Valerie Mack is a Principal of Interior Design at Buchan. She has a long string attached to her bow when it comes to her involvement in sustainability and the interior design profession. A former President for the DIA VIC/TAS Council and DIA Fellow, she currently sits on the Sustainable Developments Committee for the Property Council of Australia, and is a participant in the Resilient Communities Leadership Group looking at the strategic direction of residential and mixed-use developments. It is with this experience, we were eager to speak to Valerie about why she thinks women are important in furthering the practices of sustainable design.
“After many years of involvement in sustainable design, working with countless colleagues of all genders, I believe that there are several characteristics, often considered more prevalent in women, that are beneficial to this role. It seems to me that people with certain attributes are the ones drawn to becoming sustainability leaders – and are more likely to thrive in the role.”
“Without delving too deeply into the science of gender, research has found that we all think differently. These differences are not rules, but the question is – Do women bring a different level of empathy and inclusiveness to their advocacy and problem-solving, therefore enhancing their efficacy as sustainability leaders? It is perhaps this empathy that drives me to focus on social sustainability, resilience and the impact the built environment has on people.”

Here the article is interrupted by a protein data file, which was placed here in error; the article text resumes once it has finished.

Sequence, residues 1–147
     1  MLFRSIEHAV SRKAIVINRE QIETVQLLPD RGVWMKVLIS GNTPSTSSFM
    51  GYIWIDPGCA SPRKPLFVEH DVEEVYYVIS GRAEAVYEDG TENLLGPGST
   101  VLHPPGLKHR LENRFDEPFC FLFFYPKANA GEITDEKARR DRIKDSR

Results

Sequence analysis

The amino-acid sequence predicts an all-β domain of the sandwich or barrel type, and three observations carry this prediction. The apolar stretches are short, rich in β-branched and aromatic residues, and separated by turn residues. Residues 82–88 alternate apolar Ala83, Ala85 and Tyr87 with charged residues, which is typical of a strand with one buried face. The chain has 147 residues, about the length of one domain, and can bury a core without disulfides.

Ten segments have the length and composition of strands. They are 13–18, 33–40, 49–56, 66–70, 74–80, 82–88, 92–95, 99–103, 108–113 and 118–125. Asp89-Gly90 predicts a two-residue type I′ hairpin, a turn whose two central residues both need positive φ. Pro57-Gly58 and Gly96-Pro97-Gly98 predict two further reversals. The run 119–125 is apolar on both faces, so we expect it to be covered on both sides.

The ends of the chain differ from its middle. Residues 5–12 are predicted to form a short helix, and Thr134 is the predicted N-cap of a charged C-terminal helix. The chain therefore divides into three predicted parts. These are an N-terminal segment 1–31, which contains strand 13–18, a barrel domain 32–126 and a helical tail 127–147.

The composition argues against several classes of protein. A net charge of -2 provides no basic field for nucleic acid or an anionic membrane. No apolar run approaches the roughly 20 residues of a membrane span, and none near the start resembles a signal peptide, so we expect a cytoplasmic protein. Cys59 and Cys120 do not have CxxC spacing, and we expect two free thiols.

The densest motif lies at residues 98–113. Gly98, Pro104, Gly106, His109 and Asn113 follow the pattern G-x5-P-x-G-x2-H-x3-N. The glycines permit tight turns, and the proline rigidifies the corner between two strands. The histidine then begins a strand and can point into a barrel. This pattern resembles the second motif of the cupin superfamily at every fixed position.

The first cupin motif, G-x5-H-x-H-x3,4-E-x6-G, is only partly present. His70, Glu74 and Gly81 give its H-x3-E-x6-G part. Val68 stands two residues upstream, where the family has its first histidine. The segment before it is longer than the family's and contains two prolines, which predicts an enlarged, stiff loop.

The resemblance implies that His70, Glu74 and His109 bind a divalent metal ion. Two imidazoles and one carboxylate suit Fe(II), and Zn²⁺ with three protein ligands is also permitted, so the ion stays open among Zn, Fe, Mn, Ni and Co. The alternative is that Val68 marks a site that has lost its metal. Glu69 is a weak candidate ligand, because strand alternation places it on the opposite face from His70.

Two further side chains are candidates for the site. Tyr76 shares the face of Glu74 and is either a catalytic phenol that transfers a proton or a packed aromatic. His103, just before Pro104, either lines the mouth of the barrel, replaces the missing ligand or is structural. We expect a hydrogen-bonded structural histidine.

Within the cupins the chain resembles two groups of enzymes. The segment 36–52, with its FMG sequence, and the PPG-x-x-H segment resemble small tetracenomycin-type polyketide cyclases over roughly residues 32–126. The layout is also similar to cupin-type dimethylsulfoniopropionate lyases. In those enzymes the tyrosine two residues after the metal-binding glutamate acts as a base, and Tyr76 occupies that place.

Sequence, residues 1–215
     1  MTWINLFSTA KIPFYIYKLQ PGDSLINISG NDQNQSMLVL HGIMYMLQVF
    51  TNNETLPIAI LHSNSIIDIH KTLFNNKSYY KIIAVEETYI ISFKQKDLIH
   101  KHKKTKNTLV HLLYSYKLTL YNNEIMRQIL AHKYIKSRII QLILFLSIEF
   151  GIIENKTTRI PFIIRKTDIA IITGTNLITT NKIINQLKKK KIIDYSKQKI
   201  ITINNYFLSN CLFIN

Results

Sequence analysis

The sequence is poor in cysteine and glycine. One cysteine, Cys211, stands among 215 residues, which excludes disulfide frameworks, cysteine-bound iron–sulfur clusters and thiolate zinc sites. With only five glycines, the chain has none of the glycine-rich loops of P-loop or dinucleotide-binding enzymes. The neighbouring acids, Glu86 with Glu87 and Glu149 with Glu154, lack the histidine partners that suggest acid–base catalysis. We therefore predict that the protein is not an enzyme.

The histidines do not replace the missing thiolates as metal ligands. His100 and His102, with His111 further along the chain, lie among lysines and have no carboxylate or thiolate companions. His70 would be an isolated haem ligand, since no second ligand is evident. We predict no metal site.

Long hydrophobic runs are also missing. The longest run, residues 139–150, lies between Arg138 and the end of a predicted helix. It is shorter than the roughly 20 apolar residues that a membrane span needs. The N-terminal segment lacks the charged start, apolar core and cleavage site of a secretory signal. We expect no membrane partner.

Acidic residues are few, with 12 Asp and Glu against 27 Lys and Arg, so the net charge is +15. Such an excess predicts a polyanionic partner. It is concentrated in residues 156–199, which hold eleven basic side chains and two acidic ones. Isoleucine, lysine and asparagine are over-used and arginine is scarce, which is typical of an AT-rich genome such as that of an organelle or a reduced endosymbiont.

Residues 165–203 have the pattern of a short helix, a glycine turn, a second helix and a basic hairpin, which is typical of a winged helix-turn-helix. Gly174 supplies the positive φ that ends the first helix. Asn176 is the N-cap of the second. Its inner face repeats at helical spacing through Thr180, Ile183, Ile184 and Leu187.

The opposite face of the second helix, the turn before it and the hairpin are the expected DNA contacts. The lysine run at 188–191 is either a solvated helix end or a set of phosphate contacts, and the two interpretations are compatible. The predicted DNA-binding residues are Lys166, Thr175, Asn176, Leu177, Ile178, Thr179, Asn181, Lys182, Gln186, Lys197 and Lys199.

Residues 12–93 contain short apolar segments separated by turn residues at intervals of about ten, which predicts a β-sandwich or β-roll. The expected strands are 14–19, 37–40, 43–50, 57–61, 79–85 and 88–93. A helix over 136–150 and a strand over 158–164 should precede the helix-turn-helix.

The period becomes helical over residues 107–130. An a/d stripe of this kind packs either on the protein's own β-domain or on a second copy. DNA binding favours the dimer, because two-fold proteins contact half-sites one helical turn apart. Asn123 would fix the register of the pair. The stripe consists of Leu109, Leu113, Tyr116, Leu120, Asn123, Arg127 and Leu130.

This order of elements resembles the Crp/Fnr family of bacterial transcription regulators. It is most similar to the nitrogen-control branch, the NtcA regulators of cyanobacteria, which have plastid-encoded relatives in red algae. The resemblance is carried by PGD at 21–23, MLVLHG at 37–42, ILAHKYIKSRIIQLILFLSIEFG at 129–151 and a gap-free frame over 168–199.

With the continuous growth and recognition of social sustainability within the built environment sector, Valerie feels that women are well placed to be advocates for this needed third dimension of the sustainability tripod.
“Social sustainability occurs when the built environment actively supports connected relationships. Architecture alone cannot create or cause connectedness but can enhance the ability of people to create healthy and resilient communities. This focus on the human experience is at the forefront of thinking for interior designers who seek to influence human behaviour through the interpretation and utilisation of the various characteristics of physical space.”
“To me, social sustainability is the process for creating spaces that promote mental, social and physical wellbeing. I like to start by understanding what people need from the places where they live, work, play and learn. Then combine the design of the physical realm with design of the social world, with amenity to support social and cultural life, places for engagement, and space for people to connect.”
For more information visit Knauf here.